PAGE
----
Somebody’s Miracle

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I’m going to see Liz Phair this weekend. I’m really excited. It’s my favorite DC venue: the 9:30 club. It’s small, very intimate.

The last time I saw Liz Phair was in 1999. She played at the University of Minnesota, where I was about to graduate. The student activities committee brought her in–the “Major Events” group was in charge, but I had a sort of tertiary awareness of it as I was the co-chair of “Bijou Films” that year, running a couple of small film series on campus. My colleague on the committee picked her up from the airport and drove her to the show. I was very jealous.

It was her tour for whitechocolatespaceegg, an album I loved. I still love it: “Big Tall Man,” “What Makes You Happy,” “Johnny Feelgood,” “Shitload of Money,” and of course “Ride.”

Torry went to that concert with me. In a move very characteristic of him, he threw a note to her onstage that some stagehand whipped away before it even touched the ground. We stood at the front of that show together. It was so long ago maybe I was a different person. Liz Phair is short. We were almost the same height, even with her standing on the stage. Granted, it was a little stage in a little hall in the student union. It was the same place I took ballroom dancing lessons with my friend Katie. It was next to the building where I was an RA. It was above the bowling alley where I had–yes–bowling class.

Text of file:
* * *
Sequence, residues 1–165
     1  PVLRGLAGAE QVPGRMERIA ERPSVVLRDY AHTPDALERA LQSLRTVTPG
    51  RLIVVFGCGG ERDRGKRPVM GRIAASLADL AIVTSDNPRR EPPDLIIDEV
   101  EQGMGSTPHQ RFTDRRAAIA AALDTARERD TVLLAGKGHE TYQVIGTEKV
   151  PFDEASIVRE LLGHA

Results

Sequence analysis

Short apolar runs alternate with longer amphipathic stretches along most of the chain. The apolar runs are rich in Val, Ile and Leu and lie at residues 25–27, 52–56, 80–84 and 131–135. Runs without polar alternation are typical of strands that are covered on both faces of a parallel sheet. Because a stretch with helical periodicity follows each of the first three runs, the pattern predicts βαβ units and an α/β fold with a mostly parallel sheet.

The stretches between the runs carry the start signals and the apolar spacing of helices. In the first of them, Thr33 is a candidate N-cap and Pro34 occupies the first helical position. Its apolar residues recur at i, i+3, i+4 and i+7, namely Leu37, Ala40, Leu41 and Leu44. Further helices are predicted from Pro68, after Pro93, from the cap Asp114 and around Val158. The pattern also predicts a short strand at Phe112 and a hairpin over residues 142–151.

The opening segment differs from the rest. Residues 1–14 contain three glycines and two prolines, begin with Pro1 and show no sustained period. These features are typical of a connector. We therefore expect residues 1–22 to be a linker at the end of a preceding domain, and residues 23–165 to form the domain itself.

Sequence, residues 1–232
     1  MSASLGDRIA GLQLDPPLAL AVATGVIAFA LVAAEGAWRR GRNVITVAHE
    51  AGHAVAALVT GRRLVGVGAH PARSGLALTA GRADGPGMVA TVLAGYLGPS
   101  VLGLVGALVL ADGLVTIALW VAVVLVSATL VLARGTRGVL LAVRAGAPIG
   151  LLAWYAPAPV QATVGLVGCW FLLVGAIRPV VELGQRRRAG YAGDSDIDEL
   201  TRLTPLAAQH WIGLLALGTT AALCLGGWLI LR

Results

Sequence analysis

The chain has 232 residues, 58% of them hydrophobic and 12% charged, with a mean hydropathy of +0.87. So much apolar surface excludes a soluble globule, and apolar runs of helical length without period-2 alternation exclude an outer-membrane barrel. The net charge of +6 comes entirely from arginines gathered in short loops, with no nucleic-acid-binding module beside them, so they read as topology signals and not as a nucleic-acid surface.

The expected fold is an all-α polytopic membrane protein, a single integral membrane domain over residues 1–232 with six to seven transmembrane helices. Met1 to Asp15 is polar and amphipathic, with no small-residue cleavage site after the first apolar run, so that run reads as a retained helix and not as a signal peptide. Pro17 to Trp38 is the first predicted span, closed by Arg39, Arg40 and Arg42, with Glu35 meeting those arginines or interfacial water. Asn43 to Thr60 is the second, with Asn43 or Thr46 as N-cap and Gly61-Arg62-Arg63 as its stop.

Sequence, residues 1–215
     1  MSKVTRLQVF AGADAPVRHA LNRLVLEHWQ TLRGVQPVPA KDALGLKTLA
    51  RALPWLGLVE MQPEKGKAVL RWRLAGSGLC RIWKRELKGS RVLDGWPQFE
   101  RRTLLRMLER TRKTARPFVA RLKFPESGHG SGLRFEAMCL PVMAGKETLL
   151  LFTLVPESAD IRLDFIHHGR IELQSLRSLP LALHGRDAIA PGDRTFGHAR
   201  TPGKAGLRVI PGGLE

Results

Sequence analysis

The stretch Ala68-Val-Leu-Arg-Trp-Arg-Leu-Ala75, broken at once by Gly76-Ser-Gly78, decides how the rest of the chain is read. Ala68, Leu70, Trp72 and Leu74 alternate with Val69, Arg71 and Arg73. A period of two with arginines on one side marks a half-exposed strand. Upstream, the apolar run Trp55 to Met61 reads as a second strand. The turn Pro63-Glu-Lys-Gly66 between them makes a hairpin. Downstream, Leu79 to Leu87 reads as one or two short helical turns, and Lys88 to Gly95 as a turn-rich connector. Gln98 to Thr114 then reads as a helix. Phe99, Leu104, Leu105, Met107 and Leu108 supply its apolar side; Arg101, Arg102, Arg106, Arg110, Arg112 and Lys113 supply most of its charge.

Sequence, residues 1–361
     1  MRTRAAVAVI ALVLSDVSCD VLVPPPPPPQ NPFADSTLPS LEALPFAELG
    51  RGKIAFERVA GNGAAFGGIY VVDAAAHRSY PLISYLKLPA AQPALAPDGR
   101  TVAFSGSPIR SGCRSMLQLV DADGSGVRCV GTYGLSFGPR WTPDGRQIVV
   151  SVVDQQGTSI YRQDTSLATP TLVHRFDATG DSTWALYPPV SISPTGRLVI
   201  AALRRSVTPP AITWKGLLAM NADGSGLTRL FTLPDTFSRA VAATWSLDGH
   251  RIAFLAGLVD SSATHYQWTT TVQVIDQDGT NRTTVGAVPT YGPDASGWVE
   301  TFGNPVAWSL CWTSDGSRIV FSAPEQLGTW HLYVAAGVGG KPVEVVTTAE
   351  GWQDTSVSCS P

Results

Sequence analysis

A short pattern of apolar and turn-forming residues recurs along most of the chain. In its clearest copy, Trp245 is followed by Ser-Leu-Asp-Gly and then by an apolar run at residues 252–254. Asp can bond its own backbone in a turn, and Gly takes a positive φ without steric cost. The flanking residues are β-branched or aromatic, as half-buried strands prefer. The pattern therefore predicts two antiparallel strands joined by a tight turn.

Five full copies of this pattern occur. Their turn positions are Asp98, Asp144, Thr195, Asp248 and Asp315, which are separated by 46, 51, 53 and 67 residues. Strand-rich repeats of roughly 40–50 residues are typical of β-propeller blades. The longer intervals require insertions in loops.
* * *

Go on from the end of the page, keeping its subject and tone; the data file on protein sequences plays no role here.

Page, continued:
Torry has been dead for five years. I bought a t-shirt that night. It was red. It said, whitechocolatespaceegg on it. A few months later, when I am living with Torry in Minneapolis, my father will take a picture of me in my bedroom wearing that shirt. I’m standing there awkwardly, giving the tour of this apartment. I look awkward and uncomfortable. The t-shirt is too big for me. I didn’t realize that until years later. I didn’t have the kind of self-awareness then that I have now. But I suppose we all look back at our photographs and realize how much we didn’t know at that particular moment in time.

When I stop and think about it, I have more memories than I can sort through all tied to that one square mile of Minneapolis. John Berryman jumped off a bridge near where I lived. You could see it from the dining room of our dorm. You could see it from the lounge where the hall council had a coffeeshop once a month and where, as part of my job, I hosted a reading for people who lived in the building.

I don’t always know how to do this, how to live in a world that keeps filling up with ghosts.

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